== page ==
Ending the AIDS Pandemic: What Still Needs to be Done?
Forty years into the HIV/AIDS pandemic, there are still over 1.5 million infections per year globally and nearly 700,000 deaths. The global targets adopted in 2016 were not reached by 2020, although there has been remarkable progress in some ways. New infections declined by 31% between 2010 and 2020, and AIDS-related deaths declined by 47% during the same period. Yet infections and deaths persist, despite ambitious efforts to address the challenges of HIV/AIDS. Why? As Winnie Byanyima, Executive Director of UNAIDS, has said, “to beat a pandemic, you have to confront the inequalities that drive it…inequalities in wealth, in power, in status, and in access to services.” Stigma and denial, structural racism, discrimination against adolescent girls and young women, as well as bias and barriers to access for other vulnerable and key populations, social determinants of health like poverty, housing, and education – these are all persistent sources of inequalities that have an impact on efforts to fight HIV/AIDS. The solutions to these problems will require renewed efforts beyond better technical interventions such as better prevention tools, diagnostics, and medicines— it will require efforts that place affected communities at the center of the public health response.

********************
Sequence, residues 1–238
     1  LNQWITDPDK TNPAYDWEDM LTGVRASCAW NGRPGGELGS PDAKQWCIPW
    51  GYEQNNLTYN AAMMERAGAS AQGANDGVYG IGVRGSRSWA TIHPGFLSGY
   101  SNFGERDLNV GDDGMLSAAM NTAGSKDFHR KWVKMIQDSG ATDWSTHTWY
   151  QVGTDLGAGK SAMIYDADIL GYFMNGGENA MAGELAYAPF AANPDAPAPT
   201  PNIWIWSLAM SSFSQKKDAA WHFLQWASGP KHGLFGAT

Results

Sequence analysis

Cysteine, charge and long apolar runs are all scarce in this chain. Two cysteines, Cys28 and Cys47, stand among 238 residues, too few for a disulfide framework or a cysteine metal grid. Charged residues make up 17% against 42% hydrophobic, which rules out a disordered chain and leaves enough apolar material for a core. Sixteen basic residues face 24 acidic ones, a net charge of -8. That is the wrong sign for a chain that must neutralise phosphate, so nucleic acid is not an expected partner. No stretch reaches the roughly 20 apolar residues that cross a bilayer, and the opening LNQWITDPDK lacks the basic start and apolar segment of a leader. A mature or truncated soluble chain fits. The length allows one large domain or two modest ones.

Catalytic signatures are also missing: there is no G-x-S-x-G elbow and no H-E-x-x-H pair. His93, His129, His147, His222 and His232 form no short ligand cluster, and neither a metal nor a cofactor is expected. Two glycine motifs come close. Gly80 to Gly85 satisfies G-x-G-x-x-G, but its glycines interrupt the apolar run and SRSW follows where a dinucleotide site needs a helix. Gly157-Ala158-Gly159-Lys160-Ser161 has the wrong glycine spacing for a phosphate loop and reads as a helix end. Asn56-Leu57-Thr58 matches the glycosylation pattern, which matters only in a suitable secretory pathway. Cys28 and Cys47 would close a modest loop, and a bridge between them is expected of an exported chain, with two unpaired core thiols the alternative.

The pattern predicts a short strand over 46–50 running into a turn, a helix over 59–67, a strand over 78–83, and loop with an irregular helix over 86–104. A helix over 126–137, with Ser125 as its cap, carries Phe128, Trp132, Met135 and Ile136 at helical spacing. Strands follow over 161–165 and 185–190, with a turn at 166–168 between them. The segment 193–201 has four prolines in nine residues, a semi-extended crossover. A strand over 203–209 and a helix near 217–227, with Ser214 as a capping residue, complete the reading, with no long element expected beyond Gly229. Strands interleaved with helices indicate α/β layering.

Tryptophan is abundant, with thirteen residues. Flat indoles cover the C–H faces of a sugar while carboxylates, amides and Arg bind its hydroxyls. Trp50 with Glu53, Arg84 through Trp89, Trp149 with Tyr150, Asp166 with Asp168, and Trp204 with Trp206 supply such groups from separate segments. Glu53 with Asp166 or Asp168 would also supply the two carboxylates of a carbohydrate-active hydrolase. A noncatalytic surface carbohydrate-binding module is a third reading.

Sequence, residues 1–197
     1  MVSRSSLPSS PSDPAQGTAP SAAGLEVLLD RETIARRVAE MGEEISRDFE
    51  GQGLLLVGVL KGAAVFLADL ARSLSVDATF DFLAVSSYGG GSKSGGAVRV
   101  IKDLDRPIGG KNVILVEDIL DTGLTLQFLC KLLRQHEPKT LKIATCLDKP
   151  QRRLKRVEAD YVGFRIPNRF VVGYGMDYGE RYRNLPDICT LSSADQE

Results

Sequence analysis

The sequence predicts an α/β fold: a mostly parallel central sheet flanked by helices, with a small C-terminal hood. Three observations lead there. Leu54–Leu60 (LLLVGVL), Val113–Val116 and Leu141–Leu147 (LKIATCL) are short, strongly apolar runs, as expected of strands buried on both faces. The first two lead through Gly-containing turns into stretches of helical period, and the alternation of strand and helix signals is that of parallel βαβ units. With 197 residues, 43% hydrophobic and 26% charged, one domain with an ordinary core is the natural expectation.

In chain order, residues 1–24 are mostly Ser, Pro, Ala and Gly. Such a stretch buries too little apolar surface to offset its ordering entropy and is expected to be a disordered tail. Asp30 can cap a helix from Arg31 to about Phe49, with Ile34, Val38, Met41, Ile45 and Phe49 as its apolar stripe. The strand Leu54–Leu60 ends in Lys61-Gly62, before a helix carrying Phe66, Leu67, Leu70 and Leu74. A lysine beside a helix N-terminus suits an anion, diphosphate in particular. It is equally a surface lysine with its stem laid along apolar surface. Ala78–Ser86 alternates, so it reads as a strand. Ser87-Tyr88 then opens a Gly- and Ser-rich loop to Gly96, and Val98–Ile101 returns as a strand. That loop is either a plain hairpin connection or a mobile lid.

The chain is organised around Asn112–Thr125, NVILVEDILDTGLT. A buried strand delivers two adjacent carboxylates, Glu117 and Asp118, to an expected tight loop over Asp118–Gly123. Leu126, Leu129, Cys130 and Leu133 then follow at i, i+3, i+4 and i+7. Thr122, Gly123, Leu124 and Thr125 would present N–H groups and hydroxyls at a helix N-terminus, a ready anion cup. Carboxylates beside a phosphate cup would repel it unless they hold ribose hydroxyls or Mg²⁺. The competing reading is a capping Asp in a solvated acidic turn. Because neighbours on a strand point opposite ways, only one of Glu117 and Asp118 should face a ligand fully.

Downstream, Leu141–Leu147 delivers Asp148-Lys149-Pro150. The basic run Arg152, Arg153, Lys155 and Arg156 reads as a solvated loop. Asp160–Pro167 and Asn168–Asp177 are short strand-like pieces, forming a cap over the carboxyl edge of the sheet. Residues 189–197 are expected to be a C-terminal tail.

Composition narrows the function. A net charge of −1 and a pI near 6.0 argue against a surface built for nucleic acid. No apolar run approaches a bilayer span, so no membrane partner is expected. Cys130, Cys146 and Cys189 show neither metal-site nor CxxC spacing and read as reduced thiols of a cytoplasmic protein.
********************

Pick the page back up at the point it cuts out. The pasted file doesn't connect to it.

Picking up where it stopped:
Please join the CSIS Global Health Policy Center on Tuesday, December 7th from 3:00 p.m. – 4:00 p.m. ET for an exciting virtual event featuring Wafaa El-Sadr, Founder and Director of ICAP at Columbia University; Kathleen McManus, Assistant Professor of Medicine, Infectious Diseases and International Health at the University of Virginia; and Greg Millett, Vice President and Director of Public Policy at amfAR. The discussion will focus on how inequalities are the drivers of HIV transmission and how they still affect vulnerable populations disproportionately in countries rich and poor alike. Jeffrey L. Sturchio, CSIS Global Health Policy Center Senior Associate, will moderate the discussion.
This event is made possible by the generous support of the Bill & Melinda Gates Foundation.